The Value of Multiple Perspectives
As promised, I am sharing excerpts from The Shift from Me to Team, which will be published this year. The second part of the Introduction describes the limits of an individual’s perspective and the value of merging multiple perspectives to generate solutions.
MY REQUEST OF YOU: We are always open to learning and growing and would appreciate your feedback. Please share what you like and what could be improved. Your help is most appreciated. #leadership #foundationofgreatness #team #teamdevelopment
Each of us is born into the world with a unique set of gifts and talents. As we blaze our trail through the jungle of life, we learn from our good and bad decisions. We begin to develop feelings for what is right and wrong. This is a big part of whom we become as we journey on our unique path. Our challenge is that the path we have been on is a mere sliver of life’s opportunities and experiences. Yet once we are far enough down the path, we feel we have answers; we have things figured out. The reality is that we do not have answers—we only have our perspective.
The best solution is found in valuing the meshing and merging of collective perspectives of team members. Each of us possesses our unique perspective, and together, with trust and respect, we can create the best answer possible. And we still can be wrong! However, we have achieved our responsibility to be the best we can be, and if wrong, we learn together for better decision-making in the future.
We like to use the imagery of the moon, which has a light side and a dark side. How many of us have gotten into an argument when the subject we are talking about seems very clear, yet we are only seeing one side?
We may only see 180° or half of the problem on a good day, and that is just the reality. We have not had all the experiences needed to see the complete picture. Unfortunately, when we are under pressure, we see even less due to the stress on our physiology. We may see only one-quarter of an issue, but we dig in to protect our self-esteem because we feel threatened in this state. This often results in embarrassment and losing trust by not being open to others’ perspectives.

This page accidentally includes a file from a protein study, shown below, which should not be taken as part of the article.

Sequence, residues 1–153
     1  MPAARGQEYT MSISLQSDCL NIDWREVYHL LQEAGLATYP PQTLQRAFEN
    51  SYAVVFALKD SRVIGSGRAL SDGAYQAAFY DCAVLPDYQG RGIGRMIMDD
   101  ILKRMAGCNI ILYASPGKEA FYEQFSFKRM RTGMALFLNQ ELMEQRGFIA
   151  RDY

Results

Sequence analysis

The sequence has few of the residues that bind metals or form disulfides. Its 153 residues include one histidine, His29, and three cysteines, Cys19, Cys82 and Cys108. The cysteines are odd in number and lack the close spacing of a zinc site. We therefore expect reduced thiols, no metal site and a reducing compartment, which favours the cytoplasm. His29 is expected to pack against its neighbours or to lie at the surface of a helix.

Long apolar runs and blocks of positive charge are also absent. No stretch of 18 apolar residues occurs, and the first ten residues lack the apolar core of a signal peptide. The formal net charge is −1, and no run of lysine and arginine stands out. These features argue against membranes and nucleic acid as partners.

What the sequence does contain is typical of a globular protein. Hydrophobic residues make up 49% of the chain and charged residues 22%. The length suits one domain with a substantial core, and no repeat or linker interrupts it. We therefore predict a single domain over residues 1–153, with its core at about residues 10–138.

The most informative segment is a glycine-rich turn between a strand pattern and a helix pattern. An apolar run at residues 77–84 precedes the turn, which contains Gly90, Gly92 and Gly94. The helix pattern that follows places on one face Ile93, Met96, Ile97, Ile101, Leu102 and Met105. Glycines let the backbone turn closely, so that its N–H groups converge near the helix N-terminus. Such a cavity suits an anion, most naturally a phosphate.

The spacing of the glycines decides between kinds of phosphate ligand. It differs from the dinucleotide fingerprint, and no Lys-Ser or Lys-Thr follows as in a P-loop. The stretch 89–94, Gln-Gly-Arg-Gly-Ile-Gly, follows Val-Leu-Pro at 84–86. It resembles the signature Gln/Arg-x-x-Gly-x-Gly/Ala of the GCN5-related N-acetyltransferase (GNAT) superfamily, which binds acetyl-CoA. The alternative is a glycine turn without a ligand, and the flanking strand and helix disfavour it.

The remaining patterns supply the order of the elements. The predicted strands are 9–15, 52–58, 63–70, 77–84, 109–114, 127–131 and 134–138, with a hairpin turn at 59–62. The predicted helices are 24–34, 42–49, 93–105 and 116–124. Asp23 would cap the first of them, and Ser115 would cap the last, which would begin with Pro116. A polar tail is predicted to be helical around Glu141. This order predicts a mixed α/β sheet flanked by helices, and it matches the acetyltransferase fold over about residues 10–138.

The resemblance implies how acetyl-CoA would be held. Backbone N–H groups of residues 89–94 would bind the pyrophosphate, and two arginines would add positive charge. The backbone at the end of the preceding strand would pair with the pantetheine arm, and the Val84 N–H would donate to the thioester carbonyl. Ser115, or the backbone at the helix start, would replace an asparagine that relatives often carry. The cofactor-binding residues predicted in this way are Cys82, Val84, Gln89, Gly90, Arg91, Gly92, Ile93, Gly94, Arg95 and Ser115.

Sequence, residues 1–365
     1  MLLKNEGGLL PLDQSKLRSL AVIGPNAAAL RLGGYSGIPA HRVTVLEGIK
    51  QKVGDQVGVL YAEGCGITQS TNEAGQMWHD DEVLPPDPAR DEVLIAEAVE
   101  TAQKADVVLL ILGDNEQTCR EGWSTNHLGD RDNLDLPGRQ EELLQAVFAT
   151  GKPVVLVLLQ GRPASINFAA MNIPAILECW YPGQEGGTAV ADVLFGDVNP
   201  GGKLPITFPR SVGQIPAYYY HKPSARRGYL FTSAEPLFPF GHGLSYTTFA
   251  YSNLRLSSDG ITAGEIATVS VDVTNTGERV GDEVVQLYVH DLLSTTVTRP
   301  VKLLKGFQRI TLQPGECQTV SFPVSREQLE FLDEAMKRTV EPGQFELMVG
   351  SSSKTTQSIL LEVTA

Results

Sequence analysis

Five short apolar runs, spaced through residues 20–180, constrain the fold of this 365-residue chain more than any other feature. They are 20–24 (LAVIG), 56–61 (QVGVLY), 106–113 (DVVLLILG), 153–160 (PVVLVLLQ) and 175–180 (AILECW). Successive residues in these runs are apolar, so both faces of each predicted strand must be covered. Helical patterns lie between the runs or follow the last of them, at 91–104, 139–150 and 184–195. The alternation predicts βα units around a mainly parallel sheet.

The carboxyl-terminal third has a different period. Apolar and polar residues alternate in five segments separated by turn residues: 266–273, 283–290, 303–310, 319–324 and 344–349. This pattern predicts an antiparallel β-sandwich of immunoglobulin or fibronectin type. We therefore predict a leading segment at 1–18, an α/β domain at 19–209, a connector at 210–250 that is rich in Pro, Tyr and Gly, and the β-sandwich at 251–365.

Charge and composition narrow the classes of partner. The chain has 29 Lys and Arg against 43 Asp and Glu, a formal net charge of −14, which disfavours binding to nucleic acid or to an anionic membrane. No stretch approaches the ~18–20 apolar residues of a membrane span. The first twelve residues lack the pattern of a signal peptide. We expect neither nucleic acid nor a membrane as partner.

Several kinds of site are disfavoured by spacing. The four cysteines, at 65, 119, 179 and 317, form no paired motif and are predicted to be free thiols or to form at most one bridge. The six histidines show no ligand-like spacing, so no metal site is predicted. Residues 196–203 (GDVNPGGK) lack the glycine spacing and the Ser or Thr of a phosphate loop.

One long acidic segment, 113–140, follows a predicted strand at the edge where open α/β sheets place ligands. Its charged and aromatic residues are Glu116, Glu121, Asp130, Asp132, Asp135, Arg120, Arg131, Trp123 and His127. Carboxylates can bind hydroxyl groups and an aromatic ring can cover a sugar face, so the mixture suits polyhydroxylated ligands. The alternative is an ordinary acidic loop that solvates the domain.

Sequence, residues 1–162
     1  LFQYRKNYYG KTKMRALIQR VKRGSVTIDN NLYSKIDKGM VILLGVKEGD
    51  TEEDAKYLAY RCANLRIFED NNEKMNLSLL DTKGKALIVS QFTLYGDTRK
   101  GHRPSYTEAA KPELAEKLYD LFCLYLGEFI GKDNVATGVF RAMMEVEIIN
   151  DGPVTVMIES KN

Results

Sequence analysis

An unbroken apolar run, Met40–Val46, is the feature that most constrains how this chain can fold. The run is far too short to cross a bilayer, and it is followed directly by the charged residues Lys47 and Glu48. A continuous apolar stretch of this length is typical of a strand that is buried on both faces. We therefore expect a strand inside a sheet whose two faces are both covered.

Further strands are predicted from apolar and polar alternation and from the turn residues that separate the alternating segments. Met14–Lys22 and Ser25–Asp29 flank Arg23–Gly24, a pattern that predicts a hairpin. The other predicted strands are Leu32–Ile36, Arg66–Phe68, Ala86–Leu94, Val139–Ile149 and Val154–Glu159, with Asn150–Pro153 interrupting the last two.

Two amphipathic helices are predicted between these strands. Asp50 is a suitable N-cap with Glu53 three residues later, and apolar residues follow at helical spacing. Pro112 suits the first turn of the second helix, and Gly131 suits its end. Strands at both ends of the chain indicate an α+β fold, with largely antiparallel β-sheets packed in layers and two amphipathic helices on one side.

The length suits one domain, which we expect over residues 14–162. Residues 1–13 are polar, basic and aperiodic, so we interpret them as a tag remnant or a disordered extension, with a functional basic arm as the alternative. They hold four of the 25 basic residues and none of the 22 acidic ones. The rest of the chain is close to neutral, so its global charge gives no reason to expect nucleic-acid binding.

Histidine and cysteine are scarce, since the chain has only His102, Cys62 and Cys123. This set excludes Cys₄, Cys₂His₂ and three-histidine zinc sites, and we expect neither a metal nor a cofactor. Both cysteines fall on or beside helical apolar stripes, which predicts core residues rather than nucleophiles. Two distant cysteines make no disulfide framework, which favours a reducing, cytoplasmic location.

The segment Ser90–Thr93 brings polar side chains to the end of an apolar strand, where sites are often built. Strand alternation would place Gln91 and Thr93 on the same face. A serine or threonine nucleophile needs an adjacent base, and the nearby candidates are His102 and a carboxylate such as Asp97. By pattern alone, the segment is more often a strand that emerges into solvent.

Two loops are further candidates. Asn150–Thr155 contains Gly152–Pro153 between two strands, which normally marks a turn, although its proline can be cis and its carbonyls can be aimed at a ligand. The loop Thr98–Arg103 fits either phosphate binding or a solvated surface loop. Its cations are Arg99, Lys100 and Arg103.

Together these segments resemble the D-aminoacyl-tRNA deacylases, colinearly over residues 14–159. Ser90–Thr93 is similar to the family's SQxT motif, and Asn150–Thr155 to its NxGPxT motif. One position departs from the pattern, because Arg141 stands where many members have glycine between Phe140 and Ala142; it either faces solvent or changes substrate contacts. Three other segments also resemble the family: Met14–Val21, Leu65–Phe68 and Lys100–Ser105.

To be an effective leader, we need to understand that under pressure, we need to seek more diverse perspectives and not dig our heels in that we must be right. The shift is to think about what is best for the team and not me. The team will respect that they are valued and contributing to the benefit of the organization, and the leader will get the credit.
Here is an example of what we hear from our clients. This is the chair of an academic university medical department.
“We are surgeons, and we are used to making decisions by ourselves and getting the credit for our success. The FS/A culture process has taught us to think of others more and think in our team’s best interest for the benefit of our patients.
“I was surprised at the impact of giving power to the team. Instead of just saying, ‘Here’s the solution,’ we let the team develop a solution. It’s like a magical thing. It works much better than me telling them, even if it ends up being the same solution. Sometimes it’s a better solution than I’d come up with.
“Because we created our Guiding Principles together, we call each other on perceived boundary violations. These principles belong to our department, not any one of us. We try to have a non-hierarchical team as much as possible. We strive to create a team where all have the power to say something, to contribute.
“It’s hard. We try to create this feeling that everyone is equal in contributing to the team. Even though the contribution varies, everyone plays a role in our success. There’s still a hierarchy, but it works. People work well together for the good of everybody.”